Perhaps there is a greater level of comfort with such a language than I imagine. Perhaps many consumers will see this only as an expensive version of the multi-page agreement of a mobile operator that we all accept, but none of us actually read. However, in the case of the ICON A5 sales contract, many people have read it. And what we`ve seen is worrying at a variety of levels that will affect the life of the property on the buyer. It is quite clear that ICON owners are looking for a way to avoid liability by proactively selling their aircraft. There appears to have been some kind of negative reaction from potential buyers to these conditions and, once again, according to reports, the company will decrease to verify the terms of these agreements. The last chapter is clearly not written. The agreement provides for a number of requirements that appear to be painful and unfavourable to consumers. While some may be seen as ICON`s attempts to intelligently limit its liability, others appear to aim to control the behavior of its customers in a way that has nothing to do with safety or liability. This is the Lowlights.
I`m curious to see how the sales contract with ICON customers will go. The company said that if any potential buyer wants, they will give them a full refund of the initial down payment. All payments progress, but ICON will retain 20 percent, which seems inconsistent. Finally, why should a customer be allowed to withdraw once the agreement is announced, when the other client, more invested, should pay a high fee? It doesn`t make sense to me. Their problems with the agreement would carry the same weight, regardless of the amount they have already deposited. In May 2016, the company announced that only 20 aircraft will be completed in 2016 instead of the 175 planned so far and that they will all go to training centers. Customer deliveries were postponed until 2017 at the earliest as the manufacturing processes for the aircraft`s design needed to be improved. The company also announced that it would lay off 60 people and terminate 90 contractors due to problems with the acquisition of production, which would leave 160 employees at work. CEO Kirk Hawkins said the company had the investors to continue operating during this period, before production was increased and the company could become profitable.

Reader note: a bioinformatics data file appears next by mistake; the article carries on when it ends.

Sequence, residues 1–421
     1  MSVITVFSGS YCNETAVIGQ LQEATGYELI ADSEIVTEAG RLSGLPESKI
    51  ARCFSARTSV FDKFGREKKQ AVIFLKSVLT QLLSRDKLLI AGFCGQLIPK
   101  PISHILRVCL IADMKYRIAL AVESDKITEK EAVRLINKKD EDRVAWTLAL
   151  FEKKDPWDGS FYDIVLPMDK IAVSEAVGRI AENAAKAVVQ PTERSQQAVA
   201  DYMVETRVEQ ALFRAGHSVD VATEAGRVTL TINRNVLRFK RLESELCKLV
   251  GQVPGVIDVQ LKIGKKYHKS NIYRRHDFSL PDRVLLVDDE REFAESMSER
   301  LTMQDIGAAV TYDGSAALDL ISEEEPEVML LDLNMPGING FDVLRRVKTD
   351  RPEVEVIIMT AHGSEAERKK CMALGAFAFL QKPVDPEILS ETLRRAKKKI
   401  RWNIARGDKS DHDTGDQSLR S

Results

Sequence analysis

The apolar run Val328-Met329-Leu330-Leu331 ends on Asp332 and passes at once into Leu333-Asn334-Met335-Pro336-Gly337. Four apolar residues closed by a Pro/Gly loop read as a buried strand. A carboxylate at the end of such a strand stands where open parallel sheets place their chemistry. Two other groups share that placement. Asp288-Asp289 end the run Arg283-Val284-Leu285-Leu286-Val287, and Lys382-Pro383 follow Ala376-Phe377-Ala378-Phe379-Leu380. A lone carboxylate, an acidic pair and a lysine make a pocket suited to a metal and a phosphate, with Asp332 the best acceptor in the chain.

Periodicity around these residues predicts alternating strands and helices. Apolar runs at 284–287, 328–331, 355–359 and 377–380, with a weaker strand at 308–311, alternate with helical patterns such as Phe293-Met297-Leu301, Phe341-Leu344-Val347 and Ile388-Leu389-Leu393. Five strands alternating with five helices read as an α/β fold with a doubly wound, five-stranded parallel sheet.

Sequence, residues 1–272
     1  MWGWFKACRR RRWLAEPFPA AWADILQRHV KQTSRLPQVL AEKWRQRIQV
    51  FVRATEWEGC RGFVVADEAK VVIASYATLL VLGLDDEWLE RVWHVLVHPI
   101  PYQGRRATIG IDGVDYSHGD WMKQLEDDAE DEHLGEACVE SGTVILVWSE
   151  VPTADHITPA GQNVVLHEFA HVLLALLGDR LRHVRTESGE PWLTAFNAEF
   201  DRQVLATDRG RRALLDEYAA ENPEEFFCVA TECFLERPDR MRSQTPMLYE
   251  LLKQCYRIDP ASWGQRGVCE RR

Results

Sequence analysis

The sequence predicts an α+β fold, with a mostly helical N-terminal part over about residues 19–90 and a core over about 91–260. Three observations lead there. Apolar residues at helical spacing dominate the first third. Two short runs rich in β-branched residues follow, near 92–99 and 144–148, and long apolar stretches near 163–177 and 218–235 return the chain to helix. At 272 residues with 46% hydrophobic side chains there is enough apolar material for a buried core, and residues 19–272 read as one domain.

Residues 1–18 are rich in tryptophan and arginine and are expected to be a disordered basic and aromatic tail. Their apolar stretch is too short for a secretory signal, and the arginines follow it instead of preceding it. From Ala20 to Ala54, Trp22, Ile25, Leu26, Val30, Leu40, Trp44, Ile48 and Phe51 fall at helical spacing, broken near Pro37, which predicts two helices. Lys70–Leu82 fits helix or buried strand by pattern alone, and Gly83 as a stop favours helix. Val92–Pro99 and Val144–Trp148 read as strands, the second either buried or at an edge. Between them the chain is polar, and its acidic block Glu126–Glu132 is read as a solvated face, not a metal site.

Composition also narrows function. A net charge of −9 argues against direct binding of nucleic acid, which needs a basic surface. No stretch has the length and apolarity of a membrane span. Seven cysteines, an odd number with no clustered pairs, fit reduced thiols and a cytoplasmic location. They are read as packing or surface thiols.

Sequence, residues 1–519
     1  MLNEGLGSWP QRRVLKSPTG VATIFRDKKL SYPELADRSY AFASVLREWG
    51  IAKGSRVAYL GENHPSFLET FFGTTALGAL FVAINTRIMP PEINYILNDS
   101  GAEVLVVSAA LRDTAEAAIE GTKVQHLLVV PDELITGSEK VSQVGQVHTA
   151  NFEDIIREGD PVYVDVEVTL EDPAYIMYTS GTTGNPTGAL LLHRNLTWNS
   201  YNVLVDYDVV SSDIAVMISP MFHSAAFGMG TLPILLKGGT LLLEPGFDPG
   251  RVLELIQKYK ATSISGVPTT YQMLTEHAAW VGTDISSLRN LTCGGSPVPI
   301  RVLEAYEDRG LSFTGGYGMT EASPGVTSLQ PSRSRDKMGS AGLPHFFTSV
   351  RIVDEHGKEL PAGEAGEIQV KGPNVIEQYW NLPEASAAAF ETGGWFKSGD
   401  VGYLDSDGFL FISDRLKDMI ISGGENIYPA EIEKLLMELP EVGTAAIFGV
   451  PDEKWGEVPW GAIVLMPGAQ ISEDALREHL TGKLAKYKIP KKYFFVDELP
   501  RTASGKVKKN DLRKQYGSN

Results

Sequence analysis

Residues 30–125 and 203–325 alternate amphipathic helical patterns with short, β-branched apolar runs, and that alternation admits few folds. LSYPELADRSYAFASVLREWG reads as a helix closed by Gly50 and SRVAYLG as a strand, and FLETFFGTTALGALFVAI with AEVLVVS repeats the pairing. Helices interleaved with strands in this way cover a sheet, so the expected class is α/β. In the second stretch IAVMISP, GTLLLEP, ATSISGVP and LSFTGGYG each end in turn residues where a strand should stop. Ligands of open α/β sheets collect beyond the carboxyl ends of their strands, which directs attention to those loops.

In May, the company announced that it had completed production of 7 aircraft and another 11 were partially completed.  On July 27, 2014, the first A5 production was presented at the EAA AirVenture Oshkosh.